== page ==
How To Write the Perfect Resume For Any Job

resume wiz perfect resume

resume wiz perfect resume

Yes, it absolutely is possible to write the perfect resume and the following article will show you how.  Before going any further, let us just separate what the role of the resume is versus what a resume is not designed to do.

The primary role of a resume, when done right

  • acts as a summary of all your important experiences, accomplishments, and skills
  • acts as your first impression to a hiring manager and your potential colleagues
  • convinces the recruiter or hiring manager to give you an introductory call
  • aides and supports you during the interview

Also, do you know the difference between a Resume and a CV?

What a resume, will NOT do for you

  • guarantee you an in-person interview
  • speak for you during the interview
  • convince the hiring manager they should hire you
  • act as a reference for you
  •  negotiate your salary

So now that we are on the same page as to what is the primary role of a resume, let’s go through how you write the perfect resume.

While you’re here, make sure to also check out 8 Resume Writing Mistakes You Must Avoid in 2021

Research the company

resume wiz resume research

  • spend at least an hour researching the company’s website, LinkedIn page, and product pages
  • try to understand who their target customer base is, and who they sell to
  • try to understand the tone, voice, and culture of the company

Your goal is to incorporate your findings into the resume and cover letter.

Key skills and experience section

resume wiz resume skills

  • ensure your resume has a key skills and experience section
  • come up with at least six to nine bullet points
  • match the key skills and experience to the “require responsibilities” or the “ideal candidate will have…” section of the job posting

As tempting as it may be, do not use the same skills and experience for every job!

Use chronological job history

  • start with your current or most recent job at the top and work your way back
  • try to use quantitative (versus qualitative) facts when describing your previous responsibilities
  • adjust qualitative job details to match what the company does and focuses on
  • think of your job history as a reverse pyramid shape — have the most bullets for the most recent job and reduce as you go down

Again, you want to customize the information for each job, making your experience match what the employer is looking for.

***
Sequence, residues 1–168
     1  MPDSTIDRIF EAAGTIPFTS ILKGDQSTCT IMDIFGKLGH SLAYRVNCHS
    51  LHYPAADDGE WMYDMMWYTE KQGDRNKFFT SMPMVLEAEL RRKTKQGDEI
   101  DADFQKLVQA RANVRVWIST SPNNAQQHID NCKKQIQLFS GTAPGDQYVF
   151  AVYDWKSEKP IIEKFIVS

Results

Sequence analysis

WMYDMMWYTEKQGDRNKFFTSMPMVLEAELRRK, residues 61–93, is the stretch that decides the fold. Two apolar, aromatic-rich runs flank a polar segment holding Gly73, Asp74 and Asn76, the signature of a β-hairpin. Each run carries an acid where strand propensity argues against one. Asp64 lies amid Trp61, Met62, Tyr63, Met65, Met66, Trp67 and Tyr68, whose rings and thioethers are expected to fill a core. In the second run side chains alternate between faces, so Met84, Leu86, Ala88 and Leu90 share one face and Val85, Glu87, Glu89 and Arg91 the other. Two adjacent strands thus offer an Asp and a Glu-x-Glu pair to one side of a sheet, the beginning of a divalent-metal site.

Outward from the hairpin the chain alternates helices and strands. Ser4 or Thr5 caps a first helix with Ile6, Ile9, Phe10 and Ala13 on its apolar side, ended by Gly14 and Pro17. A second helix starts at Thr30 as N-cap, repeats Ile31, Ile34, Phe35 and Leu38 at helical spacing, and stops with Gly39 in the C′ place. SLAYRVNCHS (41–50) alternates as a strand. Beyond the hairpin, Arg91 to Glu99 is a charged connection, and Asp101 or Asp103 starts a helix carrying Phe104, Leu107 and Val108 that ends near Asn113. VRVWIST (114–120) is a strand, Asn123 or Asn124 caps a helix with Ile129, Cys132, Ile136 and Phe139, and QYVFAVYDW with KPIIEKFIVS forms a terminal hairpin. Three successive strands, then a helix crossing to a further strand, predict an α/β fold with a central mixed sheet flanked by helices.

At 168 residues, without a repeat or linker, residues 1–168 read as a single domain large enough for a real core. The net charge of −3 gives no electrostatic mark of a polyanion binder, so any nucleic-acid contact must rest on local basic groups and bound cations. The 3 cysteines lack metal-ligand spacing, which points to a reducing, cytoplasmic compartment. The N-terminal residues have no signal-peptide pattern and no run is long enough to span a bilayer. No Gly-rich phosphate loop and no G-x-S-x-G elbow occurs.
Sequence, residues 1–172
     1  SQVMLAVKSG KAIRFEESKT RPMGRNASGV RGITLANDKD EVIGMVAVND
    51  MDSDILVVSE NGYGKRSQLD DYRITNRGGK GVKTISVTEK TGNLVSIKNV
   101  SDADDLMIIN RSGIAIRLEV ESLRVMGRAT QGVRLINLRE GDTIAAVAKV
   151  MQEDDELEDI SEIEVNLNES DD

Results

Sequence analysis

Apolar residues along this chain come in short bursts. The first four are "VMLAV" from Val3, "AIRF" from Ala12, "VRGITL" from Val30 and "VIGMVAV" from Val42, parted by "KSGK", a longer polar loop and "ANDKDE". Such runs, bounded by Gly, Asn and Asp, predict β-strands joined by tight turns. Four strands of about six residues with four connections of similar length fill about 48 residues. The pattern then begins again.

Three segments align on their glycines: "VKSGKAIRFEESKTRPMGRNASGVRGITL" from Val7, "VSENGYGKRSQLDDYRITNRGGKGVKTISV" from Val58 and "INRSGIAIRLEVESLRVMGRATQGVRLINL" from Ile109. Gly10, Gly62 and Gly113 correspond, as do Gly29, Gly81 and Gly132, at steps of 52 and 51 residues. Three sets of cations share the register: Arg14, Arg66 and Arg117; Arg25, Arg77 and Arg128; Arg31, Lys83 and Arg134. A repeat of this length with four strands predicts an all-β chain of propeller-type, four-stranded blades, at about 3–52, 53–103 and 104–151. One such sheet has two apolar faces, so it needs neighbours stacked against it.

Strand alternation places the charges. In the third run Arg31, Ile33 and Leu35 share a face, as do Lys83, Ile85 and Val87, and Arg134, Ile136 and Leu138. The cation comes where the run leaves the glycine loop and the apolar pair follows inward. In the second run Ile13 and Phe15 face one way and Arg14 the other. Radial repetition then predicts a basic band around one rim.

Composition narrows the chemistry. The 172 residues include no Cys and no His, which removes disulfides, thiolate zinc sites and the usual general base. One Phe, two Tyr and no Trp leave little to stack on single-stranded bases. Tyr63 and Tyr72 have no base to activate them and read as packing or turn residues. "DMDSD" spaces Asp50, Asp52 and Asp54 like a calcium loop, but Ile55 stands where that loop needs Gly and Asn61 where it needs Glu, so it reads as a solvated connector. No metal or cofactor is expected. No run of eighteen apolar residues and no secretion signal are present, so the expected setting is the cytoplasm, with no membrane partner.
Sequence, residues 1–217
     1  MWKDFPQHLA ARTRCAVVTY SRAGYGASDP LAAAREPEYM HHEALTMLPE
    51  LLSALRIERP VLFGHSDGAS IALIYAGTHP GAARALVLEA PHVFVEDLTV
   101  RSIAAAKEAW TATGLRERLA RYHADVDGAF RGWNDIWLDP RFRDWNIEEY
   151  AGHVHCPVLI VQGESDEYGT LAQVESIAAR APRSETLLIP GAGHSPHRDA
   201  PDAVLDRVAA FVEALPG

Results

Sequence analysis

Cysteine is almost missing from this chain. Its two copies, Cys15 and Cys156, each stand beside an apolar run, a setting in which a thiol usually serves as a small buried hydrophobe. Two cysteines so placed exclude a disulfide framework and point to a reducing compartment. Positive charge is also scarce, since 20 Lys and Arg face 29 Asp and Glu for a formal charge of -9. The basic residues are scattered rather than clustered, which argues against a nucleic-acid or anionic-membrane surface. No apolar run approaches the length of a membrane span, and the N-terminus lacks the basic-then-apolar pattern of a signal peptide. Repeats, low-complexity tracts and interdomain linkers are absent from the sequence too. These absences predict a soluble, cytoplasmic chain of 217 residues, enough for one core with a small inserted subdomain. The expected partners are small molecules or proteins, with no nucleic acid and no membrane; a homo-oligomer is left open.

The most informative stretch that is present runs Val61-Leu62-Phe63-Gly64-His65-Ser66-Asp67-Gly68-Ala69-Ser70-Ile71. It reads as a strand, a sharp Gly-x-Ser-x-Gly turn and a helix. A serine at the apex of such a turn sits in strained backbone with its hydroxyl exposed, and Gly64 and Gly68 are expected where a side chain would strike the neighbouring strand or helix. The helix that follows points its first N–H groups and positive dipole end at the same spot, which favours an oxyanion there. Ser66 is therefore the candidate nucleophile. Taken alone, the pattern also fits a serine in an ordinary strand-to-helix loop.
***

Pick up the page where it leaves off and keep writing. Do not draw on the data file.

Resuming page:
When you are ready for the cover letter, take 30 seconds and read Pro Cover Letter Tips from a Hiring Manager

Include a section for education and certifications

  • typically this should go at the bottom/end of your resume
  • keep it to a maximum of three points, ideally two — one point for each degree or certificate
  • start with your most recent degree

Include everything after high school.

Here’s an example of a great resume template and format

Leave out the following sections

  • hobbies and interests
  • “references upon request”
  • personal information

These fields used to be standard 10-15 years ago when so much weight was placed on a resume. But with more companies focusing on the interview process and applicant tracking systems to do some of the initial screening, these fields should be avoided.

Make it user friendly

  • for each of your previous employers make sure to link the name of that company to the company’s website
  • if your experiences included things like setting up a tradeshow, or designing a website, make sure to link to those projects
  • if you include your LinkedIn, and you DEFINITELY should, make sure to add a link as well

The vast majority of resumes are always previewed in soft (digital) copies either in email or applicant tracking systems. This section is all about making it easier for the hiring manager to interact and engage with your resume.

Proofread

resume wiz proofread

  • Proofread

And when we say proofread, we don’t just mean run it through Microsoft spell check. We mean actually go through your resume line by line. For example, spell tell you that you should have used the word “past” instead of “passed”, or the word “led” rather than “lead”.

The final touches

  • double-check the instructions for submitting your resume
  • PDF your document and check your margins and fonts
  • name the file appropriately
  • BCC yourself

Rinse and repeat, kind of

  • keep the momentum going by applying to at least one or two other jobs one after another
  • make sure to customize the resume for each job
  • save the resume file to match the company name